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    Pride, Summer of Love and Building a New Movement

    By Dr. Marcy Adelman

    The 50th Anniversary of the San Francisco Summer of Love coincides with this year’s Pride. The two events, separated by decades, share much in common. The Summer of Love in 1967 and the hippie counterculture movement were a celebration of life in the middle of a tumultuous, violent and transformative time that shaped a generation, my generation. It feels to me that we are in one of those moments once again, when the heart and soul of the country are at stake. The 60s have much to teach us.

    I wasn’t a hippie, but like them, and like so many people of my generation, I shared their core values of challenging the status quo of oppressive racist, sexist and elitist values of the 1950s. I wasn’t interested in dropping out, but was grateful for the music—Janis Joplin, Jimi Hendrix, the Beatles, the Mamas and the Papas, and so many others—and applauded the creative and playful ways the hippie movement rejected materialism and established, however briefly, a counterculture based on personal freedom and universal love.

    The San Francisco Summer of Love, with its spirit of peace and goodwill, was sandwiched in the middle of a decade marked by sit-ins, anti-war protests, civil rights marches, race riots and assassinations. Among those historic events were the Harlem riot (1964), the Watts riots (1965), Free Speech Movement and the student riots (1964), the United Farm Workers protest to secure voting and political rights (1964–1965), the founding of the Students Non-Violent Coordination Committee (1965), the creation of the Oakland Black Panther Party (1966), and the assassinations of John F. Kennedy (1963), Martin Luther King, Jr., (1968) and Bobby Kennedy (1968).

    I was in high school during the non-violent sit-ins at lunch counters and restaurants in the South, and in 1963, when Martin Luther King wrote in a letter from an Alabama jail, “Injustice anywhere is a threat to justice everywhere. We are caught in the inescapable network of mutuality, tied in a single garment of destiny. Whatever affects one directly, affects all indirectly.” This quote is etched on the north wall of the Martin Luther King, Jr., Memorial. This quote gave me hope, and gives me hope still.  No matter the injustice, the setbacks, or even the loss of those who gave us hope, hope remains.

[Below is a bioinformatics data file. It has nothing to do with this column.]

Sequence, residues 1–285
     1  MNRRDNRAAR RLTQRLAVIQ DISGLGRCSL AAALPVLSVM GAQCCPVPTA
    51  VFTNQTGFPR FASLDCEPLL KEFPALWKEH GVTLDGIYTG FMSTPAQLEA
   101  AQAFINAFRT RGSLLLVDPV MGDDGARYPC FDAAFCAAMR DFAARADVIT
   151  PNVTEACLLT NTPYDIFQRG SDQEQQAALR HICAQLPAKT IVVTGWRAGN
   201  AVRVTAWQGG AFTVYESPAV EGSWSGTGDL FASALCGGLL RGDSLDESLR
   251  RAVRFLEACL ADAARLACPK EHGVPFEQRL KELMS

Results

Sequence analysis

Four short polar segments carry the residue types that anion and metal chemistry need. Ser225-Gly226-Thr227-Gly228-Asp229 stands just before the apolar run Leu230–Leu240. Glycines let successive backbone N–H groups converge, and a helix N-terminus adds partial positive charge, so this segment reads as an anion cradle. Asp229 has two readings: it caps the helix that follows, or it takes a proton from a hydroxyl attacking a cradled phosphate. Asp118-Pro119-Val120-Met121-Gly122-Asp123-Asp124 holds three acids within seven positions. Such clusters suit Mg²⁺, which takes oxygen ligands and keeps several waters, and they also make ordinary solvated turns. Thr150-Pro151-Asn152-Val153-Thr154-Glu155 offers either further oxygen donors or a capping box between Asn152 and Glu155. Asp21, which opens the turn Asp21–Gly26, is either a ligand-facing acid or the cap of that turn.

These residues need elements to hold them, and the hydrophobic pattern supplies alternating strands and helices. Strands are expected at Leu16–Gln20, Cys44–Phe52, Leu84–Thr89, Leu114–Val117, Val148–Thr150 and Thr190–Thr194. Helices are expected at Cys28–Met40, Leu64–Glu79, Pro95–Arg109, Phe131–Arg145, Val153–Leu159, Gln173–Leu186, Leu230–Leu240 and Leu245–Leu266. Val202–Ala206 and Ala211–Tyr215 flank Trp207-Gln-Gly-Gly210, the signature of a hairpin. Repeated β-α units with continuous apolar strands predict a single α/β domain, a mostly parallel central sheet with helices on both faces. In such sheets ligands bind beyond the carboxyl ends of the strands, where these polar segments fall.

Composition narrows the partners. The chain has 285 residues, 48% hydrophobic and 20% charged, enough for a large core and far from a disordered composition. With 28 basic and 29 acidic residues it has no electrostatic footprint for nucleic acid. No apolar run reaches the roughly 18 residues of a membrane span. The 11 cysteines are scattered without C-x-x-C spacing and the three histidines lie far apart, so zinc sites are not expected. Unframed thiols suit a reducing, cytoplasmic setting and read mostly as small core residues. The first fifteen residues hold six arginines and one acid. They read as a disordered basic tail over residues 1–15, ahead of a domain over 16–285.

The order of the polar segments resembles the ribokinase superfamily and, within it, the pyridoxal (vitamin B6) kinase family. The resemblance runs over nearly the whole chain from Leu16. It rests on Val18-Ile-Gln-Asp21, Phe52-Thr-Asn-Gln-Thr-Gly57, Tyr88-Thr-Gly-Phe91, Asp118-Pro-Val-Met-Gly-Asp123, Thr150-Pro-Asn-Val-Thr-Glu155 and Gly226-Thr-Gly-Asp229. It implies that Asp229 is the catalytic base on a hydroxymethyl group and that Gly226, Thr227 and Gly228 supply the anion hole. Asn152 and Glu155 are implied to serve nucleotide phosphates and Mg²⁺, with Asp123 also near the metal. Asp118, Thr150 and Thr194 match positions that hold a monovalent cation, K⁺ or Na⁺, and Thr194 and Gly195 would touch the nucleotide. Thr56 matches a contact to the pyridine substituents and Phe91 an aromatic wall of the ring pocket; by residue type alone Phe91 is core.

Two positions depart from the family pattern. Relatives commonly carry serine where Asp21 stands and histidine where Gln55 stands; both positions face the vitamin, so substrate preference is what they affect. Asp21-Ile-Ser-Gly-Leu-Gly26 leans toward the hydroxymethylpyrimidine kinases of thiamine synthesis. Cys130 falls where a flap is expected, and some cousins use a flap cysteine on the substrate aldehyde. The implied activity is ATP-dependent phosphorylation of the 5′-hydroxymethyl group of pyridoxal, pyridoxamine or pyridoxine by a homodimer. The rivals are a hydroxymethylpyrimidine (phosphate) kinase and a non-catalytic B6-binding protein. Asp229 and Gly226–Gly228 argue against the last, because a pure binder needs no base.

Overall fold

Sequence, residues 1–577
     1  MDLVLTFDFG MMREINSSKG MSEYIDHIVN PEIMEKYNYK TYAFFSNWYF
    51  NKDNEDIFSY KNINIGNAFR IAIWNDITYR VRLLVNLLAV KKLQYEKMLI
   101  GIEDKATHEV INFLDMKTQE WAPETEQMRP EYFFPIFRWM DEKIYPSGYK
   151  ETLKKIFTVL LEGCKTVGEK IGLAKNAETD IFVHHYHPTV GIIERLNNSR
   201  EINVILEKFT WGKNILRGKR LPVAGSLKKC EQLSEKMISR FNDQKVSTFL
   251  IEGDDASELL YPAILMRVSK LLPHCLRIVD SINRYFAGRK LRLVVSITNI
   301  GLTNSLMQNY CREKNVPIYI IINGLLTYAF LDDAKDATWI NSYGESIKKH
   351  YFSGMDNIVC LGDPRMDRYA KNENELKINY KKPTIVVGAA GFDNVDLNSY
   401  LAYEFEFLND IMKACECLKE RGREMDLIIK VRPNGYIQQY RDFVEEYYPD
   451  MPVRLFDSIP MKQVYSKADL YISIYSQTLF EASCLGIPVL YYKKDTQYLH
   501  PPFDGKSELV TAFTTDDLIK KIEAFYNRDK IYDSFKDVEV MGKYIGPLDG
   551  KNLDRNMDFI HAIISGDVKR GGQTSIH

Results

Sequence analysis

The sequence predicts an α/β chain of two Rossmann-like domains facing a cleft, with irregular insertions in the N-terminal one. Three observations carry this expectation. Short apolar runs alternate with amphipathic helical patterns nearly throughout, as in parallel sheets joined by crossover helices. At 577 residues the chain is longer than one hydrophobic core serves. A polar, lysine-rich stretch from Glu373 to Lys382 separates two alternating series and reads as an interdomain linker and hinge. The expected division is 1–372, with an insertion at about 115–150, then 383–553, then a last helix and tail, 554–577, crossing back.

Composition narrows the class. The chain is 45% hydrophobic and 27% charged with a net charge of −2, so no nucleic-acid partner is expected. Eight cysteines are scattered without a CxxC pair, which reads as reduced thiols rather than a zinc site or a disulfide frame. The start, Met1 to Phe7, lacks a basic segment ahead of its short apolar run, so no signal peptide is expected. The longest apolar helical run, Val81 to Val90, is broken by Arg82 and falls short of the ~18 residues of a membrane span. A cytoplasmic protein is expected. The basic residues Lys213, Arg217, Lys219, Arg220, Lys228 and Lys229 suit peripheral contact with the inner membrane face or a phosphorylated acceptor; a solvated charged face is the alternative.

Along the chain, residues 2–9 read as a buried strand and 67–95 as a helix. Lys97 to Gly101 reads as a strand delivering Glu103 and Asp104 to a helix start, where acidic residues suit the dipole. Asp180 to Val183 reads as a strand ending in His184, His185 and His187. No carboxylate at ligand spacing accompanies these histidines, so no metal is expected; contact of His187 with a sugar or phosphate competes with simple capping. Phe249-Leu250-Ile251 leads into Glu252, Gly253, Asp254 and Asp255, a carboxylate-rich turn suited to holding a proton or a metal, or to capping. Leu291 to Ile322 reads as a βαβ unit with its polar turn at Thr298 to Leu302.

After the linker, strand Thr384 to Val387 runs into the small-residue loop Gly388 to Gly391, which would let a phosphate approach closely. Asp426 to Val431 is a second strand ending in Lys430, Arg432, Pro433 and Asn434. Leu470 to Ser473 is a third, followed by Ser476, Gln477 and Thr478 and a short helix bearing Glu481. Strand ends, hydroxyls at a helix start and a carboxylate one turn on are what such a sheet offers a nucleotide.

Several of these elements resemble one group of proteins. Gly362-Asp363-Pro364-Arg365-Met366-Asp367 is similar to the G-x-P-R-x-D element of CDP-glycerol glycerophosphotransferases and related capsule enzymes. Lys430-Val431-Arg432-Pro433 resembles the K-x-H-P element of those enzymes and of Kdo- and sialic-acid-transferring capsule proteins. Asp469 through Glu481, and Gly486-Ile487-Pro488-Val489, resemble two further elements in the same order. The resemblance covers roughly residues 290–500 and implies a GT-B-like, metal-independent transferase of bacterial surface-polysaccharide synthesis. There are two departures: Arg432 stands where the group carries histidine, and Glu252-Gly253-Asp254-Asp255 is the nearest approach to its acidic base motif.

When President Kennedy was assassinated in November of 1963, it seemed as if the whole world was crying that day. My high school teachers, classmates, school bus driver, traffic police, and neighborhood families were standing out on their front lawns, or in the streets, crying and holding each other. The country grieved the loss of a young president who had held out much hope for a more inclusive country and a re-imagining of America’s significance and purpose in the world.

    Martin Luther King, Jr., wisely pressed President Lyndon Johnson to take that moment of loss and grief to drive home John F. Kennedy’s civil rights legislation to end segregation in education and to provide federal protection of the right to vote. The Civil Rights Act was passed in 1964, and the Voting Rights Act passed in 1965.

    The civil rights and peace movements overlapped in the 1960s. The Vietnam War was the first war to be televised. Each night, the evening news brought the horrors of war into our everyday lives. It was impossible to turn away from, or to forget, the wounded and dying soldiers and civilians.

    The witnessing of this suffering, coupled with the anti-war movement’s primarily peaceful non-violent approach to protest, was instrumental in widening and growing the movement. It evolved to include students and academics, the clergy and the civil rights, women’s liberation and Chicano movements, until it reached a critical mass that would finally bring the war to an end.

    The Women’s March on Washington, the day after this year’s inauguration, reminded me of the lessons from the 60s. The march was peaceful and inclusive. The protesters wore playful hats. The speakers were fiery, as well as creative, with poetry, music and performance. The march and the marchers were inspirational.

    We never expected to be in this fight, but maybe, just maybe, a broader, more diverse and inclusive coalition than ever before will come together to fight for our progressive values and to take back the government. Maybe, just maybe, this time we in this “… inescapable network of mutuality, tied in a single garment of destiny” will finally learn to live and thrive together. I hope so. Happy Pride.

    Marcy Adelman, Ph.D., a clinical psychologist in private practice, is co-founder of the non-profit organization Openhouse. She is also a leading advocate and educator in LGBT affirming dementia care and a member of the Advisory Council to the Aging and Adult Services Commission.